Bauxite is the most important
aluminium ore. It consists largely of the minerals gibbsiteAl(OH)3, boehmiteγ-AlO(OH), and diasporeα-AlO(OH), together with the iron oxides goethiteand hematite, the clay mineral kaoliniteand small amounts of anataseTiO2. It was named after the village Les Bauxin southern France, where it was first discovered in 1821 by the geologist Pierre Berthier.
Lateritic bauxites (silicate bauxites) are distinguished from
karstbauxites (carbonate bauxites). The early discovered carbonate bauxites occur predominantly in Europe and Jamaica above carbonate rocks ( limestoneand dolomite), where they were formed by lateritic weatheringand residual accumulation of intercalated clays or of clayey dissolution residues of the limestone.
The lateritic bauxites occur in many countries of the tropical belt. They were formed by lateritization (see
laterite) of various silicate rocks such as granite, gneiss, basalt, syeniteand shale. Compared with iron-rich laterites, the formation of bauxites demands even more intense weathering conditions with a very good drainage. This enables dissolution of kaolinite and precipitation of gibbsite. Zones with highest aluminium content are frequently located below a ferruginoussurface layer. The aluminium hydroxide in the lateritic bauxite deposits is almost exclusively gibbsite.
In 2007, Australia was the top producer of bauxite with almost one-third world share, followed by China, Brazil, Guinea, and Jamaica. Although aluminium demand is rapidly increasing, known reserves are sufficient to meet the needs for a considerable length of time. Increased aluminium recycling, which has the advantage of lowering the energy costs of production, will help extend bauxite reserves. Source: U.S. Geological Survey, Mineral Commodity Summaries, January 2008
Bauxite is strip mined (
surface mining) because it is found at the surface, with little or no overburden. Approximately 95% of the world's bauxite production is processed into aluminium. Bauxites are typically classified according to their intended commercial application: metallurgical, abrasive, cement, chemical and refractory.
Bauxites are heated in pressure vessels with
sodium hydroxidesolution at 150-200 °C through which aluminiumis dissolved as aluminate ( Bayer process). After separation of ferruginous residue (red mud) by filtering, pure gibbsite is precipitated when the liquor is cooled and seeded with fine grained aluminium hydroxide. Gibbsite is converted into aluminium oxideby heating. This is molten at approx. 1000 °C by addition of cryoliteas a flux and reduced to metallic aluminium by a highly energy-consumptive electrolyticprocess (the Hall-Héroult process).
*Bardossy, G. (1982): Karst Bauxites. Bauxite deposits on carbonate rocks. Elsevier Sci. Publ. 441 p.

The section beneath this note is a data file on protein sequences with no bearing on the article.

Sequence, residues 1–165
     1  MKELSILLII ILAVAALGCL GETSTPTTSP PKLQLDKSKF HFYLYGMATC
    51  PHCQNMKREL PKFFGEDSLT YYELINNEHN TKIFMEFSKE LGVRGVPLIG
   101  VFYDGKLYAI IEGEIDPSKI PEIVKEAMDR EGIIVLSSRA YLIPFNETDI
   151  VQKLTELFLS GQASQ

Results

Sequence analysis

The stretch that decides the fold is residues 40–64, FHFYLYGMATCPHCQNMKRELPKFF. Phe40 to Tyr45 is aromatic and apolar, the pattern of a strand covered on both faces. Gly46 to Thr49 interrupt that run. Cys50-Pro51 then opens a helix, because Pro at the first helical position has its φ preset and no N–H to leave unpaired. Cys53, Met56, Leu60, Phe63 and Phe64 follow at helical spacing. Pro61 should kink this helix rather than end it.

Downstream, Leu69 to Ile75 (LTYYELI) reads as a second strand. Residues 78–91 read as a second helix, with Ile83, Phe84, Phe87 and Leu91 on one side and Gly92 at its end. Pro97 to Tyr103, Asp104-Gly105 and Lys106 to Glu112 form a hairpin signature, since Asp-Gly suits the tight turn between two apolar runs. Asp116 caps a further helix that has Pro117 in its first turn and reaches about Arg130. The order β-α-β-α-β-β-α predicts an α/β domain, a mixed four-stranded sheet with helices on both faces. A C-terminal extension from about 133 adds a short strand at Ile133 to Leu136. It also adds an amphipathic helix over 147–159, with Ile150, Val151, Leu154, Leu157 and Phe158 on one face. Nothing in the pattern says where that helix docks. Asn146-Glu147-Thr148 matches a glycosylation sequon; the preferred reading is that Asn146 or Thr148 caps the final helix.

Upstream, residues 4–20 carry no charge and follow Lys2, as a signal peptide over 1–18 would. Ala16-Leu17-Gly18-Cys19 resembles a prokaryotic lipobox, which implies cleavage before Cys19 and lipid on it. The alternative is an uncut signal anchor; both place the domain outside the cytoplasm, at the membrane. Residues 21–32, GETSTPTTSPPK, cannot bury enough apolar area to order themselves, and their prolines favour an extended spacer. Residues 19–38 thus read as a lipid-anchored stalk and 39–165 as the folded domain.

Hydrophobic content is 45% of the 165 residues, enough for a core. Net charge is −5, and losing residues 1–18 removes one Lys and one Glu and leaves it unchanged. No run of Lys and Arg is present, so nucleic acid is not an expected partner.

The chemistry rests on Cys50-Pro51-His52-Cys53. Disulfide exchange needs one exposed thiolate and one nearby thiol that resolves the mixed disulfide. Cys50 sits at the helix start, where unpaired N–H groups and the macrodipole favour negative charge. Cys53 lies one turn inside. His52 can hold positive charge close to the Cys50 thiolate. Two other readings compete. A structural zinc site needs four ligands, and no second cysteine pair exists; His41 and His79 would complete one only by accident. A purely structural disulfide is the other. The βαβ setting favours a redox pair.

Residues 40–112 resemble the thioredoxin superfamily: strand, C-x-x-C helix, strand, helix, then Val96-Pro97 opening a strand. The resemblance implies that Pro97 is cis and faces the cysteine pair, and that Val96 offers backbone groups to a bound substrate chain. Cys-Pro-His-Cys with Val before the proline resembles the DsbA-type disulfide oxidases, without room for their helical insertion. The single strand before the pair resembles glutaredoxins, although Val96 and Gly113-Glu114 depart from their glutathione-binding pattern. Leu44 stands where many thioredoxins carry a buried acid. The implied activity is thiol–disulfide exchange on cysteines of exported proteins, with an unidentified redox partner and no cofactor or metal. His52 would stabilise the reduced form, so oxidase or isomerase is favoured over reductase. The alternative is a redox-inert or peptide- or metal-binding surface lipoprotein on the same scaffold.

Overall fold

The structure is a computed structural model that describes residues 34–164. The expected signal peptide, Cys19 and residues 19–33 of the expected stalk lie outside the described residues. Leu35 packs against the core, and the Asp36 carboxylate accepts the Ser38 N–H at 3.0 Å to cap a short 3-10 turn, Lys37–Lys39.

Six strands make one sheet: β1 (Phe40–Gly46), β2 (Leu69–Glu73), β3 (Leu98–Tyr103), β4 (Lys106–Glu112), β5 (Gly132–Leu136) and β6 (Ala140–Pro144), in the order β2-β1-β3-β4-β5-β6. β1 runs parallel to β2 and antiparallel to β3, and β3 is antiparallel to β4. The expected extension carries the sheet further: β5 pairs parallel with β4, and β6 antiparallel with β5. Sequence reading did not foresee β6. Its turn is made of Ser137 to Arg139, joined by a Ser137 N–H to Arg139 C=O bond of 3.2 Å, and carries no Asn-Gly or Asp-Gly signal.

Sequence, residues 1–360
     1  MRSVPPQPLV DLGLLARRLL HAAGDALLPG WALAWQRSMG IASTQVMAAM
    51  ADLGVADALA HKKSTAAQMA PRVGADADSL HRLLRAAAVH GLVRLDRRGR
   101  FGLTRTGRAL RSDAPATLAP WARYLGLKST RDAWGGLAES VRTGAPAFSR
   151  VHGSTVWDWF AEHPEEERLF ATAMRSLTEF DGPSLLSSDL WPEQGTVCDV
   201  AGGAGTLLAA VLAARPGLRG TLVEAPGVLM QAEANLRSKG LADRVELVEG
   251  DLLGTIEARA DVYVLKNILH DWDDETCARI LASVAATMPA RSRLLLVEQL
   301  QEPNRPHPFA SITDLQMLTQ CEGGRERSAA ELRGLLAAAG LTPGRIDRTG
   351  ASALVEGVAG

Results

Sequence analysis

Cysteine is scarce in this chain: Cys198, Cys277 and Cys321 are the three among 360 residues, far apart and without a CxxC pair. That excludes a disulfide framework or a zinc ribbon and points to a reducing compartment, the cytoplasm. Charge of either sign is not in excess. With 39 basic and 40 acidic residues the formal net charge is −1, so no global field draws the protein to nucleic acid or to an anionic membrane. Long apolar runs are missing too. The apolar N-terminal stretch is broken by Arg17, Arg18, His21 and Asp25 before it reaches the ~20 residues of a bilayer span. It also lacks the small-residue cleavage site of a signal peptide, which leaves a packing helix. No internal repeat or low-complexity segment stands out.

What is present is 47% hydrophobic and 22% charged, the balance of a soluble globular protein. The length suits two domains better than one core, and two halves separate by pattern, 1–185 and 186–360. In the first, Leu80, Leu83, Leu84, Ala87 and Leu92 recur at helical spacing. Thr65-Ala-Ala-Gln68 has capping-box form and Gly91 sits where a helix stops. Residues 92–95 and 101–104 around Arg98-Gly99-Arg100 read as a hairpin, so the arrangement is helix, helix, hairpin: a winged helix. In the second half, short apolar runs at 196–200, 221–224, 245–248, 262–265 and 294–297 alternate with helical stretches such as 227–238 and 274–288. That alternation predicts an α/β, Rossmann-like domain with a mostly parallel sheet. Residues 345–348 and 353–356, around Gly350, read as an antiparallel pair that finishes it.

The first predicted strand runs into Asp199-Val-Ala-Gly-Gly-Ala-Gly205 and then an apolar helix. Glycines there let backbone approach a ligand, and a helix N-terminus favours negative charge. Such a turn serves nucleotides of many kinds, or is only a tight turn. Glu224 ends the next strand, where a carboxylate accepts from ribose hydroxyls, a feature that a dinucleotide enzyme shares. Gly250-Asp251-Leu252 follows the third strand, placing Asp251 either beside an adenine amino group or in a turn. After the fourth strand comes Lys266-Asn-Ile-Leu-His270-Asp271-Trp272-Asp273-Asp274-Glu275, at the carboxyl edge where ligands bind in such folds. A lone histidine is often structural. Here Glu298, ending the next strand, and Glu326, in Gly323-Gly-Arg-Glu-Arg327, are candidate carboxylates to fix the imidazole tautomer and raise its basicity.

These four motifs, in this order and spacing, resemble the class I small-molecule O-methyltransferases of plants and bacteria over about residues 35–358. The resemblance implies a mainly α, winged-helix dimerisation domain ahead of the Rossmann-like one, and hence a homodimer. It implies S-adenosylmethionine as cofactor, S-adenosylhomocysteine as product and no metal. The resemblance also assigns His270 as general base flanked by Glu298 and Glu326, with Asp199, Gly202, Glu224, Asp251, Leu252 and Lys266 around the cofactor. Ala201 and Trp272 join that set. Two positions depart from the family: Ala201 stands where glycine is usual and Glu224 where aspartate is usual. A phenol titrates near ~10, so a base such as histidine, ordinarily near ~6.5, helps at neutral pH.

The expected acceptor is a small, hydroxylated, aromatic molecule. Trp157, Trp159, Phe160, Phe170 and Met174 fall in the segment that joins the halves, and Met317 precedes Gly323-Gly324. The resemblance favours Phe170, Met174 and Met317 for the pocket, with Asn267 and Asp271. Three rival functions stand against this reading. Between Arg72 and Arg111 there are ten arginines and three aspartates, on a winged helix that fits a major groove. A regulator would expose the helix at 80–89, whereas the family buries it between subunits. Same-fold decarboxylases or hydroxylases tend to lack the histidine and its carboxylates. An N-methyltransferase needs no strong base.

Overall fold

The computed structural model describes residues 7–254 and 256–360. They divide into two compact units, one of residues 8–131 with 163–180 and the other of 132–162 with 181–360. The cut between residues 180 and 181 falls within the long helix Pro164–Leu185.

*Bardossy, G. and Aleva, G.J.J. (1990): Lateritic Bauxites. Developments in Economic Geology 27, Elsevier Sci. Publ. 624 p. ISBN 0-444-98811-4
* [http://minerals.usgs.gov/minerals/pubs/commodity/bauxite/ USGS Minerals Information: Bauxite]
* [http://www.mii.org/Minerals/photoal.html Mineral Information Institute]
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Bauxite — ou minerai d aluminium Bauxite (Hérault) avec des pisolites … Wikipédia en Français
bauxite — [ boksit ] n. f. • 1847; des Baux de Provence ♦ Roche siliceuse alumineuse formée surtout d alumine, plus ou moins riche en oxydes de fer (bauxite rouge), en titane et en vanadium. La bauxite, principal minerai d aluminium. ● bauxite nom féminin… … Encyclopédie Universelle
Bauxite — Bauxite, AR U.S. town in Arkansas Population (2000): 432 Housing Units (2000): 171 Land area (2000): 2.392685 sq. miles (6.197025 sq. km) Water area (2000): 0.056432 sq. miles (0.146158 sq. km) Total area (2000): 2.449117 sq. miles (6.343183 sq.… … StarDict's U.S. Gazetteer Places
Bauxite, AR — U.S. town in Arkansas Population (2000): 432 Housing Units (2000): 171 Land area (2000): 2.392685 sq. miles (6.197025 sq. km) Water area (2000): 0.056432 sq. miles (0.146158 sq. km) Total area (2000): 2.449117 sq. miles (6.343183 sq. km) FIPS… … StarDict's U.S. Gazetteer Places
bauxite — 1861, clayey mineral containing aluminum, from Fr. bauxite (1821), from Les Baux, near Soles, where it was first found. The place name is from Prov. Li Baus, lit. the precipices … Etymology dictionary
Bauxite — Baux ite, Beauxite Beaux ite,n. [F., fr. Baux or Beaux, near Arles.] (Min.) A ferruginous hydrate of alumina. It is the most commonly used ore for the preparation of aluminum and alumina. It is also used for the lining of furnaces which are… … The Collaborative International Dictionary of English
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bauxite — [bôks′īt΄, bō′zīt΄] n. [Fr, after (Les) Baux, town near Arles, France] a soft, claylike sedimentary rock, mainly hydrous aluminum hydroxide, that is the chief ore of aluminum … English World dictionary